Let me finish this ranty-poo with one final thought. I'm not a parent. I'm nearly twenty-five and single and a bit of an idiot sometimes, but I don't think I lack the experience needed to understand rebellious teenagers. I never was one, but basically all of my friends proudly were. All of them came from LDS homes. I was with them during their darkest times; during the fights that fractured their relationships with their families. Some of my friends, I'm very sad to say, could have turned out a lot better off, a lot stronger and happier and basically just not-so-screwed-up if they'd had parents who were willing to lay aside their weapons during the battles that dixn't really matter and address the real threats against their child's spiritual well-being.

And, maybe this particular family, with the no-longer-pinkish-haired fifteen-year-old isn't a proper example. Maybe these particular parents are just really thorough about helping their kids through every single challenge they face, so they're bored and had to resort to nit-picking about pink hair. That's a possibility, I guess, but if that's so, they are the exception to the norm that I'm familiar with.

I'm used to seeing parents who have the unfortunate tendency to pick the wrong battles. It's a bit like your child is going to war, and you show up for a skirmish or two near the beginning, but when they really need you, you act like the war is over and wave goodbye. That's your child's soul this battle is being waged over, isn't it worth feeling a little uncomfortable and out of your depth? That's how your kid feels all the time. Being a teenager is vastly unpleasant, or don't you remember?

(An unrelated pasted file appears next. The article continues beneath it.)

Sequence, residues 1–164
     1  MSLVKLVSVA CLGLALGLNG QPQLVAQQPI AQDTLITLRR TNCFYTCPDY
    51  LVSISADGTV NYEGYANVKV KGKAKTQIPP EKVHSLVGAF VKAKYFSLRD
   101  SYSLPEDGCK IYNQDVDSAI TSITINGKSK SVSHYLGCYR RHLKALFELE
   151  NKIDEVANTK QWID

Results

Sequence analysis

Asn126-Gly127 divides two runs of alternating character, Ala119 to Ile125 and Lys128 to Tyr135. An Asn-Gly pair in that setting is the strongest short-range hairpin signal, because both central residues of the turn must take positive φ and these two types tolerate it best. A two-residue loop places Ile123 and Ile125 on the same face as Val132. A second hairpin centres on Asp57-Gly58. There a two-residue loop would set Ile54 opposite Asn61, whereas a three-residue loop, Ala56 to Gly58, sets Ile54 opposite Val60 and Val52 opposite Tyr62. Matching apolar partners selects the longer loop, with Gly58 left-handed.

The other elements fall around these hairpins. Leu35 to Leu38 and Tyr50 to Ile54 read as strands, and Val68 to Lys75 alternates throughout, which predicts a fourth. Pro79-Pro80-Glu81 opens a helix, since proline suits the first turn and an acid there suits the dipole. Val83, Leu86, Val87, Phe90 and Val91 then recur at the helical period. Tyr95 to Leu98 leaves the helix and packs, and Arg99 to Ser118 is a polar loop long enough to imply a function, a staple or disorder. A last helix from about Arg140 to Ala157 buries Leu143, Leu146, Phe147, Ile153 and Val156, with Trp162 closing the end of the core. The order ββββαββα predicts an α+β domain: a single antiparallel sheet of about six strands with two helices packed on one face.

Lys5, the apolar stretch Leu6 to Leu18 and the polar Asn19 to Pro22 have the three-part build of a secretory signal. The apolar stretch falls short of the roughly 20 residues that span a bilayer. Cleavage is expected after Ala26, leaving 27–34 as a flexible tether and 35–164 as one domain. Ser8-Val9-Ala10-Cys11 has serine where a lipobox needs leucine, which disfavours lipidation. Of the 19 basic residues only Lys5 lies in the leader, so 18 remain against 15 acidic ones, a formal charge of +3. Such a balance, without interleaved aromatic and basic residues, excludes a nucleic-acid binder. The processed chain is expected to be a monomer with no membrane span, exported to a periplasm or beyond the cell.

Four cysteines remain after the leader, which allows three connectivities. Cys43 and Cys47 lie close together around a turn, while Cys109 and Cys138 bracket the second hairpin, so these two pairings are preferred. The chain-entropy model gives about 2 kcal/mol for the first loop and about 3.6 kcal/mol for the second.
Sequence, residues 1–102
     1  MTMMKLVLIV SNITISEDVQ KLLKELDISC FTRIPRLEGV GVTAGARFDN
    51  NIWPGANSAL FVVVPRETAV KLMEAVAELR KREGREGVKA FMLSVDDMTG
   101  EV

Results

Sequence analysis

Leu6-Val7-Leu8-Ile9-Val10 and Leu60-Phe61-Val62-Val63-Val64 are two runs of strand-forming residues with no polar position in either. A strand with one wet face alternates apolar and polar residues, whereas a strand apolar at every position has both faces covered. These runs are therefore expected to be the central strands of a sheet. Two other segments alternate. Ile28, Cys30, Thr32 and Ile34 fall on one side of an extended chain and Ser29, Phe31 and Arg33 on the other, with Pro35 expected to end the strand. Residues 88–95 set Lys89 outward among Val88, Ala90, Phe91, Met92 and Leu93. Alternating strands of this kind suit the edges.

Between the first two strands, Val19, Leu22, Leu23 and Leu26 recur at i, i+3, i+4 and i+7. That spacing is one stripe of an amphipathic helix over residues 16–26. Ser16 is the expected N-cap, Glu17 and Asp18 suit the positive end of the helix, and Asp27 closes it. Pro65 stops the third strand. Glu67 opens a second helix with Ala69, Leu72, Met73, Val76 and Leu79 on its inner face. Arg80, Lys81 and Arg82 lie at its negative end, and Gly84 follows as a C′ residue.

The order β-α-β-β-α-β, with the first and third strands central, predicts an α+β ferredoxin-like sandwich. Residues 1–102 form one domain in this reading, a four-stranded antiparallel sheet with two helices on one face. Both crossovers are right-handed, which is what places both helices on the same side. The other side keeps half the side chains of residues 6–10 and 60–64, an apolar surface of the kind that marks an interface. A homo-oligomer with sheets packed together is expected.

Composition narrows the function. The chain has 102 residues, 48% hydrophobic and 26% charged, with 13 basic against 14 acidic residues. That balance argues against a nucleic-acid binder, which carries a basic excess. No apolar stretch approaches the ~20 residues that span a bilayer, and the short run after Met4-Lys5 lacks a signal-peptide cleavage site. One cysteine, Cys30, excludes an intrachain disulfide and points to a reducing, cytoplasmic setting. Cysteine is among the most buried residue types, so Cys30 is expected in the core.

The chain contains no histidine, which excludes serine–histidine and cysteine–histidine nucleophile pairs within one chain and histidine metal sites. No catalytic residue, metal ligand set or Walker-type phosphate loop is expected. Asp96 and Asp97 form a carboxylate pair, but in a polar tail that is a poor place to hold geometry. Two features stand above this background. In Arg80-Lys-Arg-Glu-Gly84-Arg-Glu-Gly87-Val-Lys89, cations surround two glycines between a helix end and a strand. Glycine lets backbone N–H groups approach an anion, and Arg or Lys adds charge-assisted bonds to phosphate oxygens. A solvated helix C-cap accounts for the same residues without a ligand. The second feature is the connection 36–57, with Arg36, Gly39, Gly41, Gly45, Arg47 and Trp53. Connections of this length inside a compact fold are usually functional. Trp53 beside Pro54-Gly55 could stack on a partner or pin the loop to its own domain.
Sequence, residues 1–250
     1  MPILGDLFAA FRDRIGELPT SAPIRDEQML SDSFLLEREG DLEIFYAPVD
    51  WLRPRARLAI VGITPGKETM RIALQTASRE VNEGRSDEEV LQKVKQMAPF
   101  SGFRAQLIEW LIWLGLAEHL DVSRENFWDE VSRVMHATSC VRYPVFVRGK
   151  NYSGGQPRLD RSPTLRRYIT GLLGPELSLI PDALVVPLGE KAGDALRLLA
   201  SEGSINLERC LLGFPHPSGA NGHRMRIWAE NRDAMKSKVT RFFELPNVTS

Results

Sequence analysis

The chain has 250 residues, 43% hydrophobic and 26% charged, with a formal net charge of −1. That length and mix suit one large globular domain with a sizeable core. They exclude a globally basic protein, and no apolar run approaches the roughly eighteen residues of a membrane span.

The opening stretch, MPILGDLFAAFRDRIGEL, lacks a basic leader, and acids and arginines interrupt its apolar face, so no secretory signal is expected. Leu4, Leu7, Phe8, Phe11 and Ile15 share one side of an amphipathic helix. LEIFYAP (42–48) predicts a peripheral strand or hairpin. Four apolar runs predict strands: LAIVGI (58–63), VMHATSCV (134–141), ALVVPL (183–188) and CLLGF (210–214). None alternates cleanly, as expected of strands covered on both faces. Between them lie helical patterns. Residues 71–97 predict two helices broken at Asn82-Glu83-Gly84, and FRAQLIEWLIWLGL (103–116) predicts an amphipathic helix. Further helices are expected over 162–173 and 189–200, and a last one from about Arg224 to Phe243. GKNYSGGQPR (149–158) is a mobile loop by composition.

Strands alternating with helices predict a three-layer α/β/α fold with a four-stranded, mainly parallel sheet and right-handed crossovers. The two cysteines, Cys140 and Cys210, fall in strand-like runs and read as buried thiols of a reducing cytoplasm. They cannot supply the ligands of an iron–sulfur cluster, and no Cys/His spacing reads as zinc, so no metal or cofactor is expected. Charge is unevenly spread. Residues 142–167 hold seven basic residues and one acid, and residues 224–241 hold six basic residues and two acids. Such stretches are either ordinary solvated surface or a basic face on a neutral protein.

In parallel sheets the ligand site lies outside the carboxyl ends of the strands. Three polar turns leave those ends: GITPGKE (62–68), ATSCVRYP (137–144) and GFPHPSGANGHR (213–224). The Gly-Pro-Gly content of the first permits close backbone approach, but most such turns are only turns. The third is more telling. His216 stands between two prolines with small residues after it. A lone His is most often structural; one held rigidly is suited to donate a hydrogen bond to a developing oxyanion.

All my friend's parents in high school were like that, and they had one other thing in common.

None of them listened to me.

Monday, November 5, 2012

The Doctor in the TARDIS with Rose Tyler

I am subjecting my younger sister, Guinness to the new series of Doctor Who. It is positively the most entertaining thing in my life right now.
We had a Who-nathon this weekend after I got off work earlier than expected and felt like making cupcakes and watching Doctor Who, which was about as perfect as it sounds. So, we sat down and finished season two.
You can actually pinpoint the moment when dear Guinness went from simply liking the show to when she transformed into a true Whovian. I’d say it was right around ‘The Empty Child’. Freakin’ Moffat.
Anyway, she did not take Billie Piper leaving well. Like, this was War Horse level hysterics.
Her face was all red and puffy and there were tears everywhere and she was wailing and murmuring ‘Rose’ over and over again, and I’m not even sure she remembers that twenty minutes of blurry grief. It was awesome.